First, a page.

Here in Ireland the new iPhone X will be available to pre-order from the 27th October at 8.01am.
The iPhone X (the 'X' being a roman numeral, so it's pronounced 'ten') page on the Apple web site already lists the prices as:
- €1,179 for the 64 GB version
- €1,349 for the 256 GB version
That's a lot of money for a mobile phone. For comparison, the Samsung Galaxy S8 sells for about €650, and the OnePlus 5 starts at €500 – half the price of the iPhone X. So is this latest iPhone worth the money? Is it twice as good as those Android phones?
Are people still going to queue up to buy it?
The thing is that this is an Apple product, and Apple products are not just phones or computers – they're aspirational items. They are premium products that people are willing to pay premium prices for.
A BMW 5 series costs roughly twice as much as a Skoda Superb. Both are lovely cars, and drive you from A to B in relative comfort. But the BMW isn't twice as good as the Skoda – it isn't twice as fast, or twice as comfortable. So when you buy a BMW you are paying for much more than the car – you are paying for the brand.
You are paying to own a car that proclaims its own expensiveness. That's why premium products have such obvious branding on them. Because after all, why would anyone pay more for a product that looks identical to the much cheaper equivalent?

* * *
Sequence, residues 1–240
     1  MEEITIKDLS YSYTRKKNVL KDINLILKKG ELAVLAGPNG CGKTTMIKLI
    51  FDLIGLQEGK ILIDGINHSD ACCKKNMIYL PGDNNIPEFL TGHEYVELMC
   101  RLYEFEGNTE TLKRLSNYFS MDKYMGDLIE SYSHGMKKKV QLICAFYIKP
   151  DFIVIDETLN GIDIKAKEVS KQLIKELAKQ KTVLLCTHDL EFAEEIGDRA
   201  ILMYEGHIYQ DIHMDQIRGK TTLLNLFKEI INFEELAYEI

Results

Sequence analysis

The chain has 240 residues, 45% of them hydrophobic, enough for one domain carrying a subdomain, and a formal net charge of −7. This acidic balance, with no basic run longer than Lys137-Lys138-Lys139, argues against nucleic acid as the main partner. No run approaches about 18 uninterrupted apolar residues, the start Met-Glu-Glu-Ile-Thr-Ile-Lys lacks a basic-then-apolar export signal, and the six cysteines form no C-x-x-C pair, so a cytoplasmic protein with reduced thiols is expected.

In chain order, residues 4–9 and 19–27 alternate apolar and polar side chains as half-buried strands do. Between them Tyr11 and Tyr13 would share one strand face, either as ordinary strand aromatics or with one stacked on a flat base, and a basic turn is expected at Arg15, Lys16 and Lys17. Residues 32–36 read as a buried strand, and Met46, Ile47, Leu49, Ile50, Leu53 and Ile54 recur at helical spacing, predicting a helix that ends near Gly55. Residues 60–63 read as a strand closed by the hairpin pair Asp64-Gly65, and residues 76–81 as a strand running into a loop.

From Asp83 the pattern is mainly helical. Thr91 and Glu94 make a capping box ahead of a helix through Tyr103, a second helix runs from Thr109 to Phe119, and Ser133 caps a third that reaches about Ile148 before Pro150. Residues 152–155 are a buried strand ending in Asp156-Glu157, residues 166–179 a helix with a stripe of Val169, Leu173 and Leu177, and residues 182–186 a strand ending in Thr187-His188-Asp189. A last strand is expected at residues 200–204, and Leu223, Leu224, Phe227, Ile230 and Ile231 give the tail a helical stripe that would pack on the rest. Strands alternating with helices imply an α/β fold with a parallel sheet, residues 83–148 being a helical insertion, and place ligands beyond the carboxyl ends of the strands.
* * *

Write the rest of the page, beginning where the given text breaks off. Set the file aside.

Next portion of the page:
In the 10 years since Apple first released the iPhone they have successfully positioned it as not just 'a' smartphone, but 'the' smartphone for people to aspire to.
People might justify (to themselves or others) buying the iPhone X for the superior operating system, or because they think it has the best screen, best camera, or best looking handset. But at the end of the day, they are really buying it for what it says about them.
And I don't think there's anything wrong with that. If owning the iPhone X makes them happy, then good. I'm happy for them. I may even take an interest if one of my friends or colleagues gets one – just as I would be interested to look at their brand new BMW – but not enough to part with the cash for either the phone or the car myself.
I used to own an iPhone 3G and an iPhone 4 back in the day – and I still think they're nice devices – but I couldn't justify to myself to keep paying the premium prices for successive iPhones, and I switched over to Android instead.
I guess that value for money matters more to me than brand – even if I do still lust over the latest and greatest technology out there.